Thursday, March 02, 2006

Searching for Bobby Fischer at John F. Smith Elementary

Last night at chess club the 10 year old faced his toughest challenger yet.

Not that every match he's had since he joined the club has been a cakewalk. He has a good record. 7 wins, 1 loss, 3 draws, and a stalemate. Half his wins and two of his draws and his loss were in games against more experienced players, but he wasn't really overmatched in any of them, and his other games were against much weaker opponents. So he's a good player for his age and the amount of time he's been playing seriously, but he's not a prodigy---there's only one kid in the club who so far looks like he might be talented enough to play for his high school chess team someday. At club meetings, he only plays against adults. The upshot is that the 10 year old and his previous opponents have played some pretty quick and sloppy games. Last night was the first time he really had to think.

The father of the girl he played said it was the first tough game for her too.

They hadn't played before because there's a ranking system and the 10 year old had to work his way up to her level.

They battled it out for a whole 40 minutes. In the end the girl was down to just her king facing his queen, a rook, and a couple of pawns. He had a queen only because he'd managed to get a pawn promoted. She had to resign, but both were exhilerated. (The 10 year old was a little bit more so, of course.) There's just nothing so much fun as a real challenge to your skills and talents, even when you're in the fourth grade. On the way home I told him about the Sixth Game of the 1975 World Series and how late in the game, after Bernie Carbo had tied it up and postponed the Reds' championship celebration for a few innings---Carlton Fisk would postpone it for another game in the 12th---Pete Rose came to the plate and said to Fisk something like, "Isn't this the most fun you've ever had?" That sentiment has always made me think more kindly towards Rose who still shouldn't be in the Hall until after he's died and the Old Timers put him in. The 10 year old liked that story and agreed with the feeling.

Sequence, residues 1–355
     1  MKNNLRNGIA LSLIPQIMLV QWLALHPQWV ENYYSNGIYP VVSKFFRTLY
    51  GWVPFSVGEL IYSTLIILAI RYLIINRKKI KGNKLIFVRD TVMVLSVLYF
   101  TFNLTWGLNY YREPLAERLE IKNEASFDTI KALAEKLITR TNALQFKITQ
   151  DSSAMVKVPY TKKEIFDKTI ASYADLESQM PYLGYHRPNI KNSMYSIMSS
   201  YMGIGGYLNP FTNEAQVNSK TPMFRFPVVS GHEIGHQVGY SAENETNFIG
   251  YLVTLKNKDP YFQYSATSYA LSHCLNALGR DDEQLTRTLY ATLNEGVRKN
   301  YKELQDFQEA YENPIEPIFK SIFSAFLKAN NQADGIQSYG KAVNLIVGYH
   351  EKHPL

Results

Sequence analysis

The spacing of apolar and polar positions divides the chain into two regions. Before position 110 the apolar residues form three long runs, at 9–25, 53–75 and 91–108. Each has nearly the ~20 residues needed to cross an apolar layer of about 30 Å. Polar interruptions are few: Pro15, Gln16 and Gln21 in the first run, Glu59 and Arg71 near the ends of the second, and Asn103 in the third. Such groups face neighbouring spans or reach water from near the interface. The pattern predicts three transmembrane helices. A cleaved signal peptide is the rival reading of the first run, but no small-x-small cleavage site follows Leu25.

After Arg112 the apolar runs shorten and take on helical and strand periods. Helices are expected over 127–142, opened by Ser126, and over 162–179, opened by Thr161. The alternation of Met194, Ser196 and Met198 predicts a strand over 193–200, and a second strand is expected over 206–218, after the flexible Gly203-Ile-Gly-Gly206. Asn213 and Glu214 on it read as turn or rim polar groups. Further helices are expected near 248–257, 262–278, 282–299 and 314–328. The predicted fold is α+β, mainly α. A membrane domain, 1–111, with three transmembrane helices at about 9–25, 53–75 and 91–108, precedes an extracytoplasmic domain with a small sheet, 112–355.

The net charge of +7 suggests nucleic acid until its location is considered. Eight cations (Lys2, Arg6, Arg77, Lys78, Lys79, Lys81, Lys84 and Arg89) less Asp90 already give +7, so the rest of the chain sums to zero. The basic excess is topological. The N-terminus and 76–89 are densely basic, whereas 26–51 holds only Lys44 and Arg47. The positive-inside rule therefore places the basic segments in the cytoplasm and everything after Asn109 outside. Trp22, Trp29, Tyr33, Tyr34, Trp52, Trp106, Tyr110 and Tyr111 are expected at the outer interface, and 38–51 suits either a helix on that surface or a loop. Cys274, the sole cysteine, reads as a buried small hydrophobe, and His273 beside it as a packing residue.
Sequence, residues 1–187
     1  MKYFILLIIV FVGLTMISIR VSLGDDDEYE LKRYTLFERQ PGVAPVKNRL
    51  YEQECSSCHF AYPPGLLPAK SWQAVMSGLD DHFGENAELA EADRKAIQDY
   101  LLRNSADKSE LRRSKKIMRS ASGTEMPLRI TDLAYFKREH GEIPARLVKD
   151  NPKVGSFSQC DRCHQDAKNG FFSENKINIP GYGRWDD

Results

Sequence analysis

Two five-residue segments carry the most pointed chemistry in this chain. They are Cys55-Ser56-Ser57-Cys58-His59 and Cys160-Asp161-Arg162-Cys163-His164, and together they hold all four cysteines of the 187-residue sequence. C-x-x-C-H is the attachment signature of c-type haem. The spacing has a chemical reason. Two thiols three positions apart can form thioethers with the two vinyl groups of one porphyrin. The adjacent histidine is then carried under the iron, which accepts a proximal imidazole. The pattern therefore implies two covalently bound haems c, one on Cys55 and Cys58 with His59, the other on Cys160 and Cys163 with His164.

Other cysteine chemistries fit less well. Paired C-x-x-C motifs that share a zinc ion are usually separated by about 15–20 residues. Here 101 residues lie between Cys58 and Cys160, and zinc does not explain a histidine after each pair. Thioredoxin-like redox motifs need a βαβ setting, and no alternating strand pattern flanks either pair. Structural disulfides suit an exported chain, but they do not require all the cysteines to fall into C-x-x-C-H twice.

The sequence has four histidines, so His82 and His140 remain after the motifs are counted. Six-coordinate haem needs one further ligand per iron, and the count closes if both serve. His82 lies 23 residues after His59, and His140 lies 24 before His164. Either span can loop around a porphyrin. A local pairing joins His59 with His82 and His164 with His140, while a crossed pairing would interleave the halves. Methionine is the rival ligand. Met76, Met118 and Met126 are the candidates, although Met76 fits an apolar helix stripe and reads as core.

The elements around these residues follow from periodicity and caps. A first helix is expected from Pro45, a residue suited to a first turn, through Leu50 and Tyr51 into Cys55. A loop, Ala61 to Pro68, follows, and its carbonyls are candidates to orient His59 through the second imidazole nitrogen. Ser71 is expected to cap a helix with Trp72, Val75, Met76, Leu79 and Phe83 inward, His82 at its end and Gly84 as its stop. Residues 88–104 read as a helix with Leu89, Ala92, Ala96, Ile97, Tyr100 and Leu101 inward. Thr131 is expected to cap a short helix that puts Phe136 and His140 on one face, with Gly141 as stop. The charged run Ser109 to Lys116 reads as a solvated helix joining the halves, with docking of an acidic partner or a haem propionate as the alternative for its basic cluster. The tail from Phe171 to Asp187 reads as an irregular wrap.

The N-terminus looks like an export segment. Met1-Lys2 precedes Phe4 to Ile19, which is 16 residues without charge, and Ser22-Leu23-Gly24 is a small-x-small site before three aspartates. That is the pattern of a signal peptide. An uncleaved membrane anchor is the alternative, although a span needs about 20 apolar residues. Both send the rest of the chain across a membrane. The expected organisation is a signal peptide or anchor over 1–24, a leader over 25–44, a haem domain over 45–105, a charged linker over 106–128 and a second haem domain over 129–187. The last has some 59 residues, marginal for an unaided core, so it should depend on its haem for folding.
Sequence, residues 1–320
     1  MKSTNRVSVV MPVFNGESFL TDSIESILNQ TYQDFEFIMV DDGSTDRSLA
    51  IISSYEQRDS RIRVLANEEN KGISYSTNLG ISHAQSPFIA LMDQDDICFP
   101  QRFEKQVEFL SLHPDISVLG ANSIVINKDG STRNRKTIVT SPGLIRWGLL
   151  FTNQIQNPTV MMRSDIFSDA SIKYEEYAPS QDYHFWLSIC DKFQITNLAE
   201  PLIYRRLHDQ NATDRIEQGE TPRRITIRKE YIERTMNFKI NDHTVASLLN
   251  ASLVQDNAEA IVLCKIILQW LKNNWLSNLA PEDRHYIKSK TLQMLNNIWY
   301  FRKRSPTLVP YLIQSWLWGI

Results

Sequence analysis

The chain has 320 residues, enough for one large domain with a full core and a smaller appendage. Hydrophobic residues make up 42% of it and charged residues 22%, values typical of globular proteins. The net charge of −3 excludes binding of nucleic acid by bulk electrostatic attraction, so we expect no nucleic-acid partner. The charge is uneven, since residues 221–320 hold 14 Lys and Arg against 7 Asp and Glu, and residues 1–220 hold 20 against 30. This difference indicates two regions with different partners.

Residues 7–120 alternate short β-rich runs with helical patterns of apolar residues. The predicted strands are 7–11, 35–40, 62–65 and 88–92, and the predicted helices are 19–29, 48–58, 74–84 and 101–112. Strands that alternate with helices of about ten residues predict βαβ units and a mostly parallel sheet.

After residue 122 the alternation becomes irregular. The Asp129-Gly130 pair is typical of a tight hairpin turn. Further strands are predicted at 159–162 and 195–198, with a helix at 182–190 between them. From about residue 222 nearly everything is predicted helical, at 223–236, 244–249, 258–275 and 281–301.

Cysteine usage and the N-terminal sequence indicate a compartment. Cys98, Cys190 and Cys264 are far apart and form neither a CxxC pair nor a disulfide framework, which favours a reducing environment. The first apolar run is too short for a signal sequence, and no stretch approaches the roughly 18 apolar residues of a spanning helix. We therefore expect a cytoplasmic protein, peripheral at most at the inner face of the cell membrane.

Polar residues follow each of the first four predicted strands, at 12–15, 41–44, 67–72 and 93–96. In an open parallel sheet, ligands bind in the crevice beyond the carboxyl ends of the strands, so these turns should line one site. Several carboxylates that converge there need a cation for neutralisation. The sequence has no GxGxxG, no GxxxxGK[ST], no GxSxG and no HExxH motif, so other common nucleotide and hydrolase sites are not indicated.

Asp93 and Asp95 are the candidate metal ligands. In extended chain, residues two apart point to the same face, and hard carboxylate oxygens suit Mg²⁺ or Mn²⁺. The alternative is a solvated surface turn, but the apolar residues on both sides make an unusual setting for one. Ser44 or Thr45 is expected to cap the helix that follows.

I'm sorry now that I didn't watch the kids play. The club meets at night and a parent is required to accompany each kid, but I generally don't watch the games. I sit in the corner and read, peeking up over my book only now and then to see how it's going, because I'm afraid I won't be able to resist the temptation to kibbitz.

You've heard of out of control hockey dads?

There are chess dads.

Last week I did watch one of his games and it drove me crazy. The 10 year old was cleaing up. His opponent was pretty good but Jack had him on the defensive all along. Come the endgame, he was up five or six pieces, with his opponent having nothing left but his king, a couple of pawns, a bishop, and a knight. It should have been all over but the shouting. But when he should have put his opponent in check, the 10 year old saw a clear path to promoting a pawn and he went after it. Meanwhile, his opponent went on the attack.

The 10 year old got his queen, and lost her immediately. This bugged him. So he sent another pawn down. He lost that one too. Then he went after promotion a third time!

I wanted to scream.

I refrained.

Finally his opponent managed to pick off his remaining bishop and that got his attention. He returned to the attack and pretty soon the other kid's king was all alone and he had to resign. He was a tough player, however, and he tried for a stalemate first.

I was able to wait until we were in the car and on our way home before I pointed out to the 10 year old that he should have won that game easily. I tried not to make it sound like a criticism, just an observation with a helpful tip---don't let yourself get sidetracked. Promoting a pawn is gravy, something you do almost by accident, I said, you shouldn't make it your strategy. As gentle and Ward Cleeverish as I tried to be, the 10 year old was still crushed. I'd taken the wind out of his sails.

Oh well. A tactical error on my part, I should have let him enjoy his victory a while longer, but at least I wasn't as bad as one of the fathers I overheard talking to his son at our first meeting.

"Overheard" suggests he was speaking quietly and intimately to his kid. I didn't overhear him. I heard him along with everybody else in the room. He didn't even try to keep his voice down.

His son had just lost and instead of encouraging the boys to shake hands and sending them off to report their game to the teacher running the club and keeping the records he said to his kid, "You know why you lost, don't you? It's not because he's a better player than you! It's not because he's more talented! You weren't paying attention!"

He said this with the other kid standing right there too, raining on his parade at the same time he was humiliating his boy.

Chess dads.


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